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Katalin Karikó and Drew Weissman received the 2023 Nobel Prize in Physiology or Medicine

Katalin Karikó and Drew Weissman received the 2023 Nobel Prize in Physiology or Medicine

2023. October 03.
3 perc

Katalin Karikó and Drew Weissman received the 2023 Nobel Prize in Physiology or Medicine as the inventors of the modified messenger RNA used in modern COVID-19 vaccines, and as the developers of mRNA therapy, which opens a new path in medicine, announced the Nobel Assembly in Solna, Sweden, on Monday, October 2.

Katalin Karikó, research professor and former student of the University of Szeged, adjunct professor of the University of Pennsylvania, together with her colleague Drew Weissman, professor of the University of Pennsylvania, received the Nobel Prize for their work nearly three years after the rollout of mRNA vaccines across the world.

After the announcement, the life and career of Katalin Karikó — including her perseverance after being displaced from previous research positions — were summarized for the audience.

Since 1901, the Nobel Foundation has been granting awards to individuals whose groundbreaking achievements have significantly contributed to the betterment of humanity. These prestigious prizes are presented to laureates who have excelled in fields such as physics, chemistry, physiology or medicine, literature, peace, and economics. It's worth noting that the number of Nobel Prize recipients is less than 1,000, and prior to this recognition, only 225 individuals had received the Nobel Prize in Physiology or Medicine. Dr. Karikó is only the 61st woman ever to receive the prestigious title of Nobel Laureate.

For four decades, Dr. Katalin Karikó dealt with the mechanisms mediated by RNA: she wanted to develop the mRNA molecule transcribed under laboratory conditions to be suitable for protein therapy. Along with immunologist Dr. Drew Weissman, she discovered that the pro-inflammatory effects of RNA are suppressed by nucleoside modifications. This groundbreaking work, the two researchers' patents on nucleoside-modified uridines in mRNA, paved the way for the therapeutic use of mRNA—for example, in the treatment of cancer, as well as autoimmune, infectious, and genetic diseases.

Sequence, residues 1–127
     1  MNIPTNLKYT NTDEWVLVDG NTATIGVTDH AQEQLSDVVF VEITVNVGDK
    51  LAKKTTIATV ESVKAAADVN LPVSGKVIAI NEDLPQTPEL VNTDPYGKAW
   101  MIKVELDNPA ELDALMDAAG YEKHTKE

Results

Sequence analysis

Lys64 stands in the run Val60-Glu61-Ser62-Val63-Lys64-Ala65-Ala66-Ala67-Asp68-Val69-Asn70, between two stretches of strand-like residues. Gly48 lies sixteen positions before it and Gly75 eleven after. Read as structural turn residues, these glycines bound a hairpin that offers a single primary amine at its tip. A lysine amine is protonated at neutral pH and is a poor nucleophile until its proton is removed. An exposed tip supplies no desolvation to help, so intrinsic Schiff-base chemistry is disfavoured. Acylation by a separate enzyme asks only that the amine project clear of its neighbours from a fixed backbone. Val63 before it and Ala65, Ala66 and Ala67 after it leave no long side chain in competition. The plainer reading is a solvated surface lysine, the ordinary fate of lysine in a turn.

The development of mRNA-based vaccines, which play a key role in curbing the COVID-19 pandemic, directed the world's attention to the importance of Dr. Katalin Karikó's discoveries about messenger RNA. So far, she has been elected a member of 6 scientific academies for her breakthrough performance in medical technology; 15 universities awarded her an honorary doctorate; she received more than 70 scientific awards and numerous social recognitions. Dr. Karikó turned each of these prize-giving ceremonies into new forums for the promotion of science.


The Nobel Prize announcement was streamed live from Sweden on the Nobel Assembly's YouTube channel. The leadership of the University of Szeged, together with several professors and the members of the media gathered at the university's main building to follow the announcement live and to briefly congratulate Prof. Karikó during a live video call. Regarding a question of what message she has now for university students in Hungary, the new Nobel laureate said that she advises students to pay attention to their physical and mental health and learn to manage stress. "They should do what they do with joy because then they will get better at it! They should focus on what they can change" she said.


SZTEInfo - Szilvia Molnár

Photos by: Szilvia Molnár